This week marked the centenary of the start of the First World War on 4th August 1914. Although none of the brave soldiers who took part are with us any more, their legacy lives on in countless ways, including social changes, our literature and our language.
You might not realise it, but numerous English words and phrases – many of which we use every day – hark back to that time.
So, for my own personal salute to all those who gave their lives for us, here’s a selection of WW1 trench lingo.
A-Z examples of trench lingo
Anglische (what the average Belgian spoke to a Tommy in response to his Frahnsay)
Babbler (a cook, from rhyming slang ‘babbling brook’)
Cakehole (the mouth)
Drink (the English Channel)
Egg (a hand grenade or bomb)
Frahnsay (Tommy’s French, from Français)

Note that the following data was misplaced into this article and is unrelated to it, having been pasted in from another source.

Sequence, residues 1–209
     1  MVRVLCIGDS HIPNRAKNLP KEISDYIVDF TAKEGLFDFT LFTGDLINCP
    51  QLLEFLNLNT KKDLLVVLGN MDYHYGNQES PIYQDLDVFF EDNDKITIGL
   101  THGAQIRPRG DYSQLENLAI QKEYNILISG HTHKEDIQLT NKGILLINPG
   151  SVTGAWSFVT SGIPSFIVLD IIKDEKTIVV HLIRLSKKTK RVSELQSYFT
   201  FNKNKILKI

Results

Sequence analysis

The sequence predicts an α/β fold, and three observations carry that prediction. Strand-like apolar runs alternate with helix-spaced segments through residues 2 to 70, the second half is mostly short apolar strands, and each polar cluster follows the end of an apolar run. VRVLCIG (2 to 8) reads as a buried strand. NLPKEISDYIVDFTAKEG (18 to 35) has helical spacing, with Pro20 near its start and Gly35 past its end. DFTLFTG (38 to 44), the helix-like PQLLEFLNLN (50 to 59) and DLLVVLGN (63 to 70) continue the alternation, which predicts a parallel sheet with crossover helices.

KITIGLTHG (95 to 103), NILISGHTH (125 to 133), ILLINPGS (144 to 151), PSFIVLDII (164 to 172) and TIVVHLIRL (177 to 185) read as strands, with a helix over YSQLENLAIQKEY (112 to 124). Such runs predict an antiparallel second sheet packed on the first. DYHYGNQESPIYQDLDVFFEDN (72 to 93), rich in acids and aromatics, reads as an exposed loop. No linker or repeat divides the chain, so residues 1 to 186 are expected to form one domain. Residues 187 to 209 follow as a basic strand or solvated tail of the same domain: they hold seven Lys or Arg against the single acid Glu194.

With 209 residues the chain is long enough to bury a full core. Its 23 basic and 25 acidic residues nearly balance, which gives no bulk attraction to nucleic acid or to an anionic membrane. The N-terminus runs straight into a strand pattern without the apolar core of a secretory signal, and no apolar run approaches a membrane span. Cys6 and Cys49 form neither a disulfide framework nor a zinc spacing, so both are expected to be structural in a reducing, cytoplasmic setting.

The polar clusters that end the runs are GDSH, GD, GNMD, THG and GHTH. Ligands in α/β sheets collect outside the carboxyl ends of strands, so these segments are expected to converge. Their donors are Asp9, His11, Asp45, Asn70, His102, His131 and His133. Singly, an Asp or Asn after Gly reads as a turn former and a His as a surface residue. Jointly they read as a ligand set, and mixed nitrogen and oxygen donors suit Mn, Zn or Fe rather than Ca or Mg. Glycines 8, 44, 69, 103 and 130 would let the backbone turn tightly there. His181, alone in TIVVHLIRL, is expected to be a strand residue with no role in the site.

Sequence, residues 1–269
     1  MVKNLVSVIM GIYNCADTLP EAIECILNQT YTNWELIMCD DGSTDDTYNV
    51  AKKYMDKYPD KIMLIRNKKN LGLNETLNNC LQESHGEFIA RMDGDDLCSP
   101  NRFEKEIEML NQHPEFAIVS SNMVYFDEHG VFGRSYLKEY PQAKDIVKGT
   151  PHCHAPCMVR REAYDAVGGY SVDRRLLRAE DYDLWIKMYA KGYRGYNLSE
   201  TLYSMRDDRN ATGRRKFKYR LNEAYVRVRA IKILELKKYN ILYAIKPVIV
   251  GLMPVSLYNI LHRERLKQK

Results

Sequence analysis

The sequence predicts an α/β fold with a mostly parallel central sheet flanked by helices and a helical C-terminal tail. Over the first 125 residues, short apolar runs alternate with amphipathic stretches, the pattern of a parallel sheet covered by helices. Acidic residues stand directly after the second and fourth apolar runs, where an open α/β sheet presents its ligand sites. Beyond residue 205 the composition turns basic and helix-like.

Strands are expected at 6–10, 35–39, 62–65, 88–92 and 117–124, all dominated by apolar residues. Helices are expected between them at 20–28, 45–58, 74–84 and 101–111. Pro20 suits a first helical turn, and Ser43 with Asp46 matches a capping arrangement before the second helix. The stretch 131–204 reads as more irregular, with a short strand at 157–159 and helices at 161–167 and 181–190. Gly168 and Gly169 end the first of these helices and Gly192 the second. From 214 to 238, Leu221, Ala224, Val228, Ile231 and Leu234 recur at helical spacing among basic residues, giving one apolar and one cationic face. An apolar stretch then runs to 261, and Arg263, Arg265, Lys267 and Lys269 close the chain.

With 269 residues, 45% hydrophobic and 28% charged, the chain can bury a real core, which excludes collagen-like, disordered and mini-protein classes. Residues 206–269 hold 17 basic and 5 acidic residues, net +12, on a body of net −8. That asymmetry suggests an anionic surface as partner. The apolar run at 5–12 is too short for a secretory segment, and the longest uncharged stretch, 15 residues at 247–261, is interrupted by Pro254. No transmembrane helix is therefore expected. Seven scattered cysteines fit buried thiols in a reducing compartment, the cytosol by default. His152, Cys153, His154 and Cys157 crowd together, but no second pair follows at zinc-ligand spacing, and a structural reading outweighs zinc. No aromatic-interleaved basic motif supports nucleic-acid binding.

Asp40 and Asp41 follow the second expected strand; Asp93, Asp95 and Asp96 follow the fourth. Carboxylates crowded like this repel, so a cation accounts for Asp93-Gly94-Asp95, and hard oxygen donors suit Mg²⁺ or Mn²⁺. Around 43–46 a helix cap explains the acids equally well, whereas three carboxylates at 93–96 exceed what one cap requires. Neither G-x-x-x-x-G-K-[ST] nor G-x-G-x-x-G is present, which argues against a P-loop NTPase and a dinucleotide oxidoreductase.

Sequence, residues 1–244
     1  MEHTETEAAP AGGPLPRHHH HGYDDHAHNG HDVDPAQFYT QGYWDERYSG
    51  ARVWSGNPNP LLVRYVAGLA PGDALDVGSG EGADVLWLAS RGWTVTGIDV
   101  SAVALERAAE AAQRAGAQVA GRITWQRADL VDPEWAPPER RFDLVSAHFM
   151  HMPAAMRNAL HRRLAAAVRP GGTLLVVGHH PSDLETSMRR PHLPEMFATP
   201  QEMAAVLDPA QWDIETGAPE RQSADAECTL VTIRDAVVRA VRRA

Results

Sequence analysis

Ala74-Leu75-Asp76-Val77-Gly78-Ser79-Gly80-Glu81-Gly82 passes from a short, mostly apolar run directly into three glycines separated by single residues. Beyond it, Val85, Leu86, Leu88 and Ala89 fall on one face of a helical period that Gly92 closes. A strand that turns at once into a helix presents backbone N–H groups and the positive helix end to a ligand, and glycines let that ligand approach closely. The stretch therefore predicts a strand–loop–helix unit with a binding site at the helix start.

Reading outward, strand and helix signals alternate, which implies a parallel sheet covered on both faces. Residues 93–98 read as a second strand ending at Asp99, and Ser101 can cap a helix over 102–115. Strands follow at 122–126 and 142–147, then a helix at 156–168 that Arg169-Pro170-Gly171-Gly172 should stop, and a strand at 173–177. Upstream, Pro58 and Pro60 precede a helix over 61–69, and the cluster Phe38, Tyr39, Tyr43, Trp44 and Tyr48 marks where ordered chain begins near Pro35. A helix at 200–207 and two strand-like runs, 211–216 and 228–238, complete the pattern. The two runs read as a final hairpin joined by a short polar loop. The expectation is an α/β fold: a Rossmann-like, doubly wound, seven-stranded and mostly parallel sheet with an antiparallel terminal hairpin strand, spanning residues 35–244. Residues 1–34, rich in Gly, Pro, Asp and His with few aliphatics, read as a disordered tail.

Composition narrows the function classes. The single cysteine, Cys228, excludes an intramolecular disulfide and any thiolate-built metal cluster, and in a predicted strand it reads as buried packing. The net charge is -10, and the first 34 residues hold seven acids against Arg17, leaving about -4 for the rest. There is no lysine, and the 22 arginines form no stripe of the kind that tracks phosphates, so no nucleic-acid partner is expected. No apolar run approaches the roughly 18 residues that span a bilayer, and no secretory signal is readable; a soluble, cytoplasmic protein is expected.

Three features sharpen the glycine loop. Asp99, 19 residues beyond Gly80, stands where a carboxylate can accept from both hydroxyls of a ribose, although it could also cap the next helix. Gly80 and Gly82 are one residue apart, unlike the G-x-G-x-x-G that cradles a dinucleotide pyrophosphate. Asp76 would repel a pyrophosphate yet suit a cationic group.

Ginger (any man called Jones, whether or not he was a redhead)
Hot cross bun (an ambulance, from the red cross on its side)
Ink slinger (a clerk in uniform, also a pen pusher or quill driver)
Jaw (to talk)
Kip (sleep, to sleep)
Lingo (language, especially as spoken by a foreigner – from Latin ‘lingua’)
Mess (the place where soldiers ate)
Nous (knowledge, cunning, shrewdness – from Greek ‘nous’ for mind)
Ooja-cum-pivvy (a gadget or box of tricks, any military thingama-jig)
Plinkity plonk (white wine)
Queer (unwell, indisposed)
Red ink (red wine)
Sausage (observation balloon shaped like a bloated sausage)
Tommy (a private soldier in the British army)
Ubique (everywhere, from Latin)
Vesta (a match)
Whippet (a small, light tank with a top speed of 8mph)
X-day (two days to go until Zero hour)
Yank (an American)
Zig zag (to walk unsteadily when drunk)
This is just a brief insight into the wealth of trench lingo invented or borrowed during WW1 (extracted from ‘Roger, Sausage & Whippet’ by Christopher Moore).